In Fillmore v. McKay, the Plaintiff was injured in a motor vehicle accident on May 26, 2005, and then on July 9, 2005, in a fall at his workplace. The Court found that the Defendant from the motor vehicle accident would be liable for the full extent of the injuries. In doing so, the Court succinctly summarizes the law of indivisible injuries.
 The plaintiff took a fall at work on July 9, 2005 when he says in his note that he aggravated his neck and shoulder. The defendant submits that this was a new incident not caused by him that should serve to reduce the plaintiff’s personal injuries for which he has liability from the motor vehicle accident. The defendant even submits that it may have been this incident of July 9, 2005 that caused the plaintiff’s back injury because his first complaint to Dr. Buie was not until after that.
 I have already concluded that the plaintiff’s back injury occurred in the motor vehicle accident and not subsequently by this bike accident. The plaintiff does not say in his note that he aggravated his back on July 9, 2005, but only his neck and shoulder.
 As to the possible aggravation of his neck and shoulder injuries, Athey v. Leonati,  3 S.C.R. 458, makes it clear that the defendant remains liable where his negligence caused or contributed to the injuries and that liability is not reduced by any non-tortious contributing causes.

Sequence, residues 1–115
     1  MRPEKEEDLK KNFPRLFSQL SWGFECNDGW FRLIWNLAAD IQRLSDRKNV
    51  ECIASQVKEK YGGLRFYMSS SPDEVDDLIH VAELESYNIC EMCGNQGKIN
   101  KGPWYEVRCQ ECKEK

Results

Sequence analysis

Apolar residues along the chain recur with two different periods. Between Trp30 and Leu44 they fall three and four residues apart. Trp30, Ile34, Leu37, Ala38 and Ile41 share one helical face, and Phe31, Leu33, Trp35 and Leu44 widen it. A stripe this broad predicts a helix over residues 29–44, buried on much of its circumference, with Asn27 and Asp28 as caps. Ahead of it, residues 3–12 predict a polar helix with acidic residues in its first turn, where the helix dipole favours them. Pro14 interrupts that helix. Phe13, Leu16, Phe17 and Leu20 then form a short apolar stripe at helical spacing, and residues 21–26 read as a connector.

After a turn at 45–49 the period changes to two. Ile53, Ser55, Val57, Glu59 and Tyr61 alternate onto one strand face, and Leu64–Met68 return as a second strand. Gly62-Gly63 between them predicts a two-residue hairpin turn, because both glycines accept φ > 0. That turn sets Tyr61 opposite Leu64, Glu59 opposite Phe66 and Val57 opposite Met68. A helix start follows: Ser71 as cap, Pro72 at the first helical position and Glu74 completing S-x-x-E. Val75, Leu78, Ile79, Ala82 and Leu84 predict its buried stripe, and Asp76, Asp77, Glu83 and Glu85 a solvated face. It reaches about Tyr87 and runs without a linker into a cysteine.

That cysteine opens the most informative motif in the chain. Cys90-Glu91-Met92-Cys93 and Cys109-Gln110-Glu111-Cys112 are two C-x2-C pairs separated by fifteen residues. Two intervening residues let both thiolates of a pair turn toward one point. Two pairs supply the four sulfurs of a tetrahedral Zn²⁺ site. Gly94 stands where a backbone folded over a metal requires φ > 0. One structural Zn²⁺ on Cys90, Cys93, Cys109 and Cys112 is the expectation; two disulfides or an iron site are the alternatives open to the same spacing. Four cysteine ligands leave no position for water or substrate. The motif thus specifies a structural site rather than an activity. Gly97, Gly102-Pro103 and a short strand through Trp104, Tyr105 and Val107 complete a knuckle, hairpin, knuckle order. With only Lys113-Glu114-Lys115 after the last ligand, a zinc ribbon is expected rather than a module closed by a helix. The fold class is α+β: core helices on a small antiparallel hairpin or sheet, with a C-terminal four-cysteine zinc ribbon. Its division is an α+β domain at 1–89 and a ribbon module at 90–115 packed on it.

Accordingly, even if the plaintiff’s neck and shoulder injuries were aggravated by this non-tortious incident, the defendant is still fully responsible for the full extent of those injuries because his negligence caused them in the first place and thereby contributed to the extent of the injuries.
WHAT HAPPENS WHEN a PLAINTIFF is AT FAULT for ONE of the ACCIDENTS ?
In ICBC claims involving indivisible injuries with respect to multiple accidents, it is sometimes the case where the Plaintiff can also be responsible for one of the accidents. For example, if a Plaintiff is involved in four accidents, with three of them being the fault of the Defendants, and one of them being the fault of the Plaintiff, how does the Court go about assessing damages on a global basis? Where the Defendants are at fault for all of the collisions, it is a simpler process, but where the Plaintiff is at fault for one of the multiple accidents, this presents a complicating factor.